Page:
Once I cracked the code on plugging the holes to keep the gravy from dripping, the rest was food nirvana. Extremely easy to make, you can keep extra sheet pans of the waffle chips in a warming oven until you need to restock the table and the only cooking involved was to saute the chicken sausage and gravy.


The cheese can be chopped into crumbles in the processor using the grind or pulse button (around 10 pulses). I cut very cold cheese into small cubes and then toss them in flour. It stops the cheese from sticking together and you get big (bottom pic) and little pebbles (top pic).

The smaller ones are the plaster that plugs up the holes in the waffle chips. It also doesn't hurt that it makes them cheesier. The larger crumbs are our curds. These are the one that get sprinkled when the waffle chips are out of the oven. These need to stick to the chips without melting.

You should have twice as many small ones as large, so allow about 5 ounces for small crumbs and 3 ounces of large. It's funny how each time I chopped a batch, the ratio was perfect. No need to go crazy. I used a basic stand up strainer who's holes were just large enough to hold in the larger crumbs and drop the smaller ones into a bowl.


A primer coat of small pebbles will fit in the waffle holes so the gravy doesn't drip through.

I suggest serving the chips on one big platter with small bowls for the sausage and gravy, this way the waffles stay crisps and the guests get to participate in the assembly.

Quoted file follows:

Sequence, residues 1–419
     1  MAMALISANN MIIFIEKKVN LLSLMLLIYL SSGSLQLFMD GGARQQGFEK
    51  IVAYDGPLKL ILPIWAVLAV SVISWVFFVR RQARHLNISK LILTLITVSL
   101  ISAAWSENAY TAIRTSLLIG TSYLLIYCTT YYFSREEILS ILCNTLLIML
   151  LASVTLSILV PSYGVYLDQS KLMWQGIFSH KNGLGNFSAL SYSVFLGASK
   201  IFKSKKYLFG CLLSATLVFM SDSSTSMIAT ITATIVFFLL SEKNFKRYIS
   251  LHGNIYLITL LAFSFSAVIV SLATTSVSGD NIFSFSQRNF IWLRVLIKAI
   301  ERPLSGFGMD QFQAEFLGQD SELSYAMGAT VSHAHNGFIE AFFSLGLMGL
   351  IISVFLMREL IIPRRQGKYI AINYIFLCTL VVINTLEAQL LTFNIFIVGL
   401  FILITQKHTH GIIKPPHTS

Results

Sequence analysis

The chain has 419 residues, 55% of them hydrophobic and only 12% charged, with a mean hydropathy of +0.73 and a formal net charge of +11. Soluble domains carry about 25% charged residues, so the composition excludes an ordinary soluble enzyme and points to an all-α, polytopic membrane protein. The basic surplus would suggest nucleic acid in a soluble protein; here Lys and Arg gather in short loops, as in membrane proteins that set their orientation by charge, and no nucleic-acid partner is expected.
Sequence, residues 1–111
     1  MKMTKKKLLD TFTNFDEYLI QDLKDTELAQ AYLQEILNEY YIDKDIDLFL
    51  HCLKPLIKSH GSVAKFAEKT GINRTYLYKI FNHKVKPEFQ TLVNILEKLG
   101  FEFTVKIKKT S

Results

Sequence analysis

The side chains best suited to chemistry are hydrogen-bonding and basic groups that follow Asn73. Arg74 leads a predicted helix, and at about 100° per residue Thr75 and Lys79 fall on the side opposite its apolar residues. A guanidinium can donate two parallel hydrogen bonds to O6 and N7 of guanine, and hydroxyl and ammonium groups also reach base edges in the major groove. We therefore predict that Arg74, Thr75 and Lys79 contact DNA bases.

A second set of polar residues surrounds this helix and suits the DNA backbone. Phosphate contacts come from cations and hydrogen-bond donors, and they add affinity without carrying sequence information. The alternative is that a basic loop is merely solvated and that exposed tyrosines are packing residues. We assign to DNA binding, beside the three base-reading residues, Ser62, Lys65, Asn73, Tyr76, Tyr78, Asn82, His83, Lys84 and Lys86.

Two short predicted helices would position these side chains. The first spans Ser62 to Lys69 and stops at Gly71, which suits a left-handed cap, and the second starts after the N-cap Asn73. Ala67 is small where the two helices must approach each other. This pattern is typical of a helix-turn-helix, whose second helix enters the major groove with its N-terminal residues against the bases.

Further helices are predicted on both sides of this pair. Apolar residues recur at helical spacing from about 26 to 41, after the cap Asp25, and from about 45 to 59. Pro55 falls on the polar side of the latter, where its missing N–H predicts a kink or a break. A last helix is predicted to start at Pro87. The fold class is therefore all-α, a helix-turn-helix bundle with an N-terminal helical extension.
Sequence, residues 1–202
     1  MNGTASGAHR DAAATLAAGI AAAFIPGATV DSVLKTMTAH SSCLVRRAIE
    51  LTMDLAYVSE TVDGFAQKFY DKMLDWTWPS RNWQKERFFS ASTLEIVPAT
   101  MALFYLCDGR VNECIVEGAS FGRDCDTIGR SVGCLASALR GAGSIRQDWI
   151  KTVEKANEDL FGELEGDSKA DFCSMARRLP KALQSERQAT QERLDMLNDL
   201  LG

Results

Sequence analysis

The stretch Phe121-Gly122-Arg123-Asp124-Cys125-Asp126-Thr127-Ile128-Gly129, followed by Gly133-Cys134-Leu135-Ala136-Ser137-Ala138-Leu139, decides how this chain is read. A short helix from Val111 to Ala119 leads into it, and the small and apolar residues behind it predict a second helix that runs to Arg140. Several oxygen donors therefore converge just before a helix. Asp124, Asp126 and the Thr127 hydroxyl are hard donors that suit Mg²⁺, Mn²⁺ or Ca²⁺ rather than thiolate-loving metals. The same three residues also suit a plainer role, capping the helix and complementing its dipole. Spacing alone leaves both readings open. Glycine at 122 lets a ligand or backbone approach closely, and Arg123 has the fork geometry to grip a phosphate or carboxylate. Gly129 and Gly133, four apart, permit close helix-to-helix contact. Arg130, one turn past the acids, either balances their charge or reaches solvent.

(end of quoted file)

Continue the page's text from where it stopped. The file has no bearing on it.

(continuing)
I think this preparation might just give our Southern brother's biscuits and sausage gravy a run for the money.


After taking these pictures, this was my lunch. Totally transportable, I packed another for The Nudge to take to work. The final verdict was: waffle chips reheated well in a toaster oven and the sausage gravy went into a microwave. The Nudge was the talk of the break room. He loves when he's the star of the show.

You can use your favorite Italian Chicken or Turkey Sausage but I can safely recommend Alexia Sweet Potato Waffles. They bake without any extra fat and they are all about the same size, so no waste.

Let's get cooking.....

Carotene Poutine
makes 36 waffle chips - about 6-8 servings

* 8 ounces Cabot Sharp White Cheddar, divided
* 1 bag frozen sweet potato waffle fries
* 1 package (5-6) Italian Chicken Sausages, casings removed
* 1 packet gravy mix, your favorite (I used turkey)
* chopped chives or green onions, optional

1. Preheat the oven as per manufacturer's instructions
2. Put the sausage meat in a non-stick skillet, breaking up with a wooden spoon or potato masher.
3. Chop the cheese using the pulse or grind button on a food processor.
4. Remove the potatoes from the oven and immediately sprinkle the small pebbles over the chips, encouraging them to settle in the grooves and holes. Put them back into the oven for no more than 2 minutes, or until the cheese is totally melted but not bubbling. Remove, cool for a few seconds and loosen the chips from the pan. Sprinkle with another round of large crumbles (about 3-4 each chip)  and arrange them on a platter.